INTO palidrome_test VALUES (’Some men interpret nine memos.’)
INTO palidrome_test VALUES (’Palindromes are the enemy of productivity’)
SELECT * FROM dual;

SELECT rownum, CASE
WHEN text_filtered = REVERSE(text_filtered)
THEN ‘Yes’
ELSE ‘No’
END AS palindrome
FROM   ( SELECT text, UPPER(REPLACE(TRANSLATE(text,’ ‘’,.:;!?”‘,’ ‘),’ ‘)) AS text_filtered FROM   palidrome_test );

ROWNUM PAL
---------- ---
1 No
2 Yes
3 Yes
4 Yes
5 No

5- Numeric Functions

a) GREATEST and LEAST, Returns the largest and the smallest of multiple values


SELECT GREATEST(9, 67.6, 10) the_great, LEAST(9, 67.6, 10) the_small FROM dual;

THE_GREAT  THE_SMALL
---------- ----------
67,6          9

b) NANVL, Returns Alternate Number If The Value Is Not A Number


CREATE TABLE fpd (
dec_num    NUMBER(10,2),
bin_double BINARY_DOUBLE,
bin_float  BINARY_FLOAT);

INSERT INTO fpd VALUES (0, 'NaN', 'NaN');
COMMIT;

SELECT bin_double, NANVL(bin_double, 0) FROM fpd;

BIN_DOUBLE NANVL(BIN_DOUBLE,0)
---------- -------------------
Nan                   0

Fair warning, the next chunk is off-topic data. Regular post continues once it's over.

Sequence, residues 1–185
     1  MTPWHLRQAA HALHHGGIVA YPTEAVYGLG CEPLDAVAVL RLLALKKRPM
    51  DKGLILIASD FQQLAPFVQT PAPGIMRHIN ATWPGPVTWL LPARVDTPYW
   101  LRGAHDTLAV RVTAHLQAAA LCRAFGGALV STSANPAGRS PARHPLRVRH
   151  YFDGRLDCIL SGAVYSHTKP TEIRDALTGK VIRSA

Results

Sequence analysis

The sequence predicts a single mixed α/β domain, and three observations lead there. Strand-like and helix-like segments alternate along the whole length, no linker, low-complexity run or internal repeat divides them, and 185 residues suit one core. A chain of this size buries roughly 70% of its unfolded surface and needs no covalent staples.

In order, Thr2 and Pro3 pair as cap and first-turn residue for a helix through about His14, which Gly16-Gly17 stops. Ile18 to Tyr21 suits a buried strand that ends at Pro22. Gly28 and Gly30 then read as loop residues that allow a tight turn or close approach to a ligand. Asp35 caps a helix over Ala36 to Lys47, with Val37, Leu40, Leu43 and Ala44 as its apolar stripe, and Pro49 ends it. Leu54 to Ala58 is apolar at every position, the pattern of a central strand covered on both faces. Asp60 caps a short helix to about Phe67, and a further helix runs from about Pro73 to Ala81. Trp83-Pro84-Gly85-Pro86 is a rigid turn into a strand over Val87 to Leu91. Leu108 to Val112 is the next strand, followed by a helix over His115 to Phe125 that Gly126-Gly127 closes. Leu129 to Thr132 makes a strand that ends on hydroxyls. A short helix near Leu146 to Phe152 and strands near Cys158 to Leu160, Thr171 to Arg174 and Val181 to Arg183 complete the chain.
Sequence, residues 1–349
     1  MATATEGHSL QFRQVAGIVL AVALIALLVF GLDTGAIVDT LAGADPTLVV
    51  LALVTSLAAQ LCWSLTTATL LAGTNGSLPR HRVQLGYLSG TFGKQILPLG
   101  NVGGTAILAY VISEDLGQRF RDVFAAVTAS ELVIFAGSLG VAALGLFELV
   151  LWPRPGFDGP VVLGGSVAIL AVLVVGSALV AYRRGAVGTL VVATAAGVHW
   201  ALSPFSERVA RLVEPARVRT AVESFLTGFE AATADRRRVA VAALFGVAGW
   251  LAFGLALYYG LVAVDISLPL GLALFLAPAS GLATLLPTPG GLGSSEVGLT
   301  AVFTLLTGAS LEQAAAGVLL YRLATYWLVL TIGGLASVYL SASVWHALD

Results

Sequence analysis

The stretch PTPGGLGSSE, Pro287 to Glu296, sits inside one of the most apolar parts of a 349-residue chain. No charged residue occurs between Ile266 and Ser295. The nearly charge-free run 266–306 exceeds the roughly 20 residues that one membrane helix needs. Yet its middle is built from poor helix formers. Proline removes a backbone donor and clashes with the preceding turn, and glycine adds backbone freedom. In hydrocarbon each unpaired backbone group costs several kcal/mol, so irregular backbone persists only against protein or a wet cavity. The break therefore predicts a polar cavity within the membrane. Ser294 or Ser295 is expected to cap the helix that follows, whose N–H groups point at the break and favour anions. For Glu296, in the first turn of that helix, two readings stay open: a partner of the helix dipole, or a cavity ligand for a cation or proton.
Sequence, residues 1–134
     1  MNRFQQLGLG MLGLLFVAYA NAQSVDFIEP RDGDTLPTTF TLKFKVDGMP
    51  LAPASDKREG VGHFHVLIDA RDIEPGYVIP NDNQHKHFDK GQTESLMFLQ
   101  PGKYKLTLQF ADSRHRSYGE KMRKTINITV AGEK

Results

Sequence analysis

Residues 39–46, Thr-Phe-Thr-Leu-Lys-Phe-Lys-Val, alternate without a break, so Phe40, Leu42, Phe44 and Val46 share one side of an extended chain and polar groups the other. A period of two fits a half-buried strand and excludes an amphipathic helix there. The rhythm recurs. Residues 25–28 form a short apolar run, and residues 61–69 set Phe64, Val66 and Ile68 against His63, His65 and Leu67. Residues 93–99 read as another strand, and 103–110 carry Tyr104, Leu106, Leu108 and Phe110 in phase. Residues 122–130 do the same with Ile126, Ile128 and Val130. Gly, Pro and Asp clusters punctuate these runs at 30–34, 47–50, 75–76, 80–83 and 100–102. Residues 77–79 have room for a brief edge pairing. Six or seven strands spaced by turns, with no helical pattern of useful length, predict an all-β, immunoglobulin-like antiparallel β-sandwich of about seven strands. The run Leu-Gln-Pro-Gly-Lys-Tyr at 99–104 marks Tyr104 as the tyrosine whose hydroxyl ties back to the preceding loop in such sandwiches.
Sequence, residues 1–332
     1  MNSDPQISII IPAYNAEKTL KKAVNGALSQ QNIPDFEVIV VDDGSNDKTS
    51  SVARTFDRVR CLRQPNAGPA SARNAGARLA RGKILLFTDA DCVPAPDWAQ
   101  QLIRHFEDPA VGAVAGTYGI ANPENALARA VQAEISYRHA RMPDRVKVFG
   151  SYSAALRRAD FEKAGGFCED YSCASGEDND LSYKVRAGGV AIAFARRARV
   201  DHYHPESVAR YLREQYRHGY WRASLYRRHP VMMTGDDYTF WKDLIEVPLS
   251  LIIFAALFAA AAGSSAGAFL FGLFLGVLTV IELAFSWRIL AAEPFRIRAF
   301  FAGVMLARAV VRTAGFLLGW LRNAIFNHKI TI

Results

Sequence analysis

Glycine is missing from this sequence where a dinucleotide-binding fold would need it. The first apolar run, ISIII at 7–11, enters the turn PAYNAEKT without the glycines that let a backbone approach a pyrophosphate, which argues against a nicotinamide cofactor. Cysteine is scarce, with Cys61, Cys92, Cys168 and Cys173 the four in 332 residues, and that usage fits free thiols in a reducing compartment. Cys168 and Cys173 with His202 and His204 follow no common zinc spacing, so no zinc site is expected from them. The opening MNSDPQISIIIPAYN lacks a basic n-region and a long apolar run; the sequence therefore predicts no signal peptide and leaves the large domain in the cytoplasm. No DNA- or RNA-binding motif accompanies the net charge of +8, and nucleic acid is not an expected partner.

SELECT bin_float, NANVL(bin_float, 0) FROM fpd;

BIN_FLOAT NANVL(BIN_FLOAT,0)
---------- ------------------
Nan                  0

6- Other

a) SOUNDEX, Returns Character String Containing The Phonetic Representation Of Another String


SELECT CASE WHEN SOUNDEX('doych') = SOUNDEX('deutch') THEN ‘Match’
ELSE ‘No match’
END comparison1,
CASE WHEN SOUNDEX('pee-air') = SOUNDEX('pierre') THEN ‘Match’
ELSE ‘No match’
END comparison2
FROM DUAL;

COMPARIS COMPA
-------- -----
No match Match

b) VSIZE, returns the Byte Size


SELECT VSIZE('Tonguc') character, VSIZE(5) numb, VSIZE(SYSDATE) dat FROM dual;

CHARACTER       NUMB        DAT
---------- ---------- ----------
6          2          7

- DATE type stored as seven bytes; “century, year, month, day, hour, minute, second”,
– VARCHAR2 type stored as its length,
– NUMBER type uses variable-length scientific notation;
* Oracle stores a number in base 100 format.
* Each byte can store 2 digits.
* One byte is reserved for the exponent.
* When a negative number is stored, an additional byte is required for the sign (-).
* NUMBER(10) and NUMBER will take the same amount of space.
* They will also shrink to the minimum size required to store the contained data.
* The maximum precision for a number is NUMBER(38)


select vsize(1100) from dual;

VSIZE(1100)
-----------
2 /* 2 bytes : Note that the number is stored as (11*10exp2) Thus it requires 1 byte for the two digits (11) and one byte for the exponent(2) */

select vsize(-10.02) from dual;

VSIZE(-10.02)
————-
4 /* 4 bytes : One for sign, 2 for digits(1002) and one for exponent(-2) */

Testing Information : the scripts mentioned are tested on Oracle Database 10g Express Edition Release 10.2.0.1.0

References Used :
Complete grouped list of Oracle functions
Oracle® Database SQL Reference 10g Release 2 (10.2)